Time & Attendance
By Rita Shepherd
Apr. 11, 2013
Vision and dental-care plans are growing in popularity among employers who see these ancillary plans as a low-cost way to round out their benefit offerings at a time when budgets are strained to the hilt and employees are taking on a greater share of their health care costs.
Despite the fact that these plans are paid for in part or entirely by employees, enrollment rates are increasing. Alyssa Williamson, a benefits consultant for Mercer in Atlanta, says this is because the cost and health care benefits these plans offer far outweighs the amount of money workers pay.
“Traditionally, these benefits have been employer-paid, but with rising health care costs, many dental and vision plans have shifted to being employee-paid yet there is high participation because employees see value in it,” she says. “And employers see dental and vision as a strategy to keep their health care costs down.”
Regular eye exams, for example, can catch not only eye-related conditions like glaucoma and cataracts, but also other health problems such as diabetes and hypertension.
“There has been an increasing focus on total health management and the importance of dental and vision care to overall health,” Williamson says. “There’s been a lot of press around how dental and vision care can detect many other health problems. This is a very inexpensive way for employees to take control of their health.”
In addition to the health care benefits, employers also see these plans as way to attract workers. In fact, many see dental and vision benefits as a “differentiator” when it comes to recruiting and retaining employees, according to a 2011 employer survey by the National Association of Dental Plans. The survey shows that 47 percent of employers believe dental plans distinguish companies from the competition, up from 35 percent in 2008, and 53 percent believe the same thing about their vision-care plans.
“Right now unemployment is high, but there is a shortage of skilled workers so many clients are coming to us for consulting services around recruiting and retention,” Williamson says. “Compensation packages are being looked at in their entirety, and employers are using dental and vision care as way to round out their benefits package.”
Employees don’t seem to mind paying for these benefits and often don’t even realize that they are, says Kim Landry, an analyst with LIMRA, an association of insurance and financial service companies based in Windsor, Connecticut that used to be known as the Life Insurance and Market Research Association. And employers see voluntary benefits as a way to beef up their benefit offerings at no cost to them.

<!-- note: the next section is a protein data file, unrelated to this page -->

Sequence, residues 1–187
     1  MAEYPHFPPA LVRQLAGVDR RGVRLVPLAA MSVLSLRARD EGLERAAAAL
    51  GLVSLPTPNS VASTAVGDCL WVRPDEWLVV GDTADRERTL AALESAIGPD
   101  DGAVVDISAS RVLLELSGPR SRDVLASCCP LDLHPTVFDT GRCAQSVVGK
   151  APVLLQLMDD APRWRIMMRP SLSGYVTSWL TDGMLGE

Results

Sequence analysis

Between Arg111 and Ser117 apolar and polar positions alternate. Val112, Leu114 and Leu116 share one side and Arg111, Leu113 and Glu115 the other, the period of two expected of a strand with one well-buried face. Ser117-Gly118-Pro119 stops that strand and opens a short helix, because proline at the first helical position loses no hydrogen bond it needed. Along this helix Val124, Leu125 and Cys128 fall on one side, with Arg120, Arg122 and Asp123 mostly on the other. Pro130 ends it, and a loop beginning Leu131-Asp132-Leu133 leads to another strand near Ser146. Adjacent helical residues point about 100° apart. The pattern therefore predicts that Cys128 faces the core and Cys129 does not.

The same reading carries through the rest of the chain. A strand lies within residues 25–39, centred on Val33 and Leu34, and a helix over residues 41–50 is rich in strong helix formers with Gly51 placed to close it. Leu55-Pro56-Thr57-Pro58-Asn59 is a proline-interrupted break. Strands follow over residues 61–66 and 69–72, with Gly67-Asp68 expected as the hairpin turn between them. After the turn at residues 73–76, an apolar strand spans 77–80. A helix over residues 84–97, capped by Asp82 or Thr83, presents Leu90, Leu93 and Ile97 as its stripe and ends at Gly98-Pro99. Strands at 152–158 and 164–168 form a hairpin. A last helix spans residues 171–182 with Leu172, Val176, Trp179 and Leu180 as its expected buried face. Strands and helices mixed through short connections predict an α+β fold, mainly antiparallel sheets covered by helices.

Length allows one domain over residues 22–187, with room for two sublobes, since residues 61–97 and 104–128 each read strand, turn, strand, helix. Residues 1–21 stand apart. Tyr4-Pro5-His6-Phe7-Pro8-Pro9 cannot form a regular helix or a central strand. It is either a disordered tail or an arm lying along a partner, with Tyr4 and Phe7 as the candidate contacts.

From employees’ perspective, “they are getting the same benefits whether the plan is employer paid or is a voluntary benefit,” she says. “It’s paycheck-deducted and employees like that model. You don’t have to think about it. It’s not money that shows up in your bank account and then disappears. From an employer perspective, as health care costs rise, it’s a way to attract and retain with benefits they don’t have to pay for.”
Enrollment in dental benefit plans has been steadily rebounding since 2009 when enrollment rates took a big hit because of high unemployment caused by the recession, says Evelyn Ireland, executive director of the National Association of Dental Plans, or NAPD, in Dallas.
In 2011, there were about 176 million people, or 57 percent of the U.S. population, enrolled in a dental benefit plan, according to a 2012 report by the NAPD and the Delta Dental Plans Association. That represents an increase of a half of a percentage point, according to Ireland, who says that she expects to see another increase in 2013.
The most popular type of dental plan is dental preferred provider organization, which makes up nearly three-fourths of the market. The dental insurance market was valued at $38.6 billion in 2010, according to the NAPD.
Overall, more employers are offering dental benefit plans, especially smaller employers, she says. Costs are shared by employer and employee in 66 percent of the plans and paid for by employees only in about a quarter of the plans, according to NAPD figures.
“At the broadest level, there is a continued rebounding in enrollment levels and there has been strong price competition,” she says. “There are lots of carriers in the market. It’s typical for there to be 20 to 30 carriers in a particular state, so there is a lot of competition.”
The vision market is also booming, Landry says. The number of employers that offer vision plans has doubled since 1994, with more than half of all companies providing a vision care benefit in 2011, she adds.
“It’s a popular benefit among employees as more and more need glasses every day,” Landry says. “When we asked employers which benefit plan they wanted to add after medical, vision was second after dental so we see an opportunity for growth.”
And it’s not just older employees who appreciate vision-care benefits.
“Employers tend to think that their older employees value vision benefits more than younger employees because they are more likely to need glasses, but that assumption is completely wrong. Using [age] 40 as a dividing line, both groups value it equally—65 percent for both. I think that speaks as to how enduring these benefits are.”
How the Patient Protection and Affordable Care Act will impact these plans remains to be seen, experts say. At this point, the law only mandates that state health care exchanges offer dental benefits for children, which is considered an “essential health benefit.”
“There’s been a lot of talk about how dental fits in to the ACA,” says Mercer’s Williamson. “As for vision, we call it the ‘vision black hole’ because it’s really not addressed at all, which many of us find surprising.”
Betsy Shepherd is a Workforce contributing editor. Follow Workforce on Twitter at @workforcenews.
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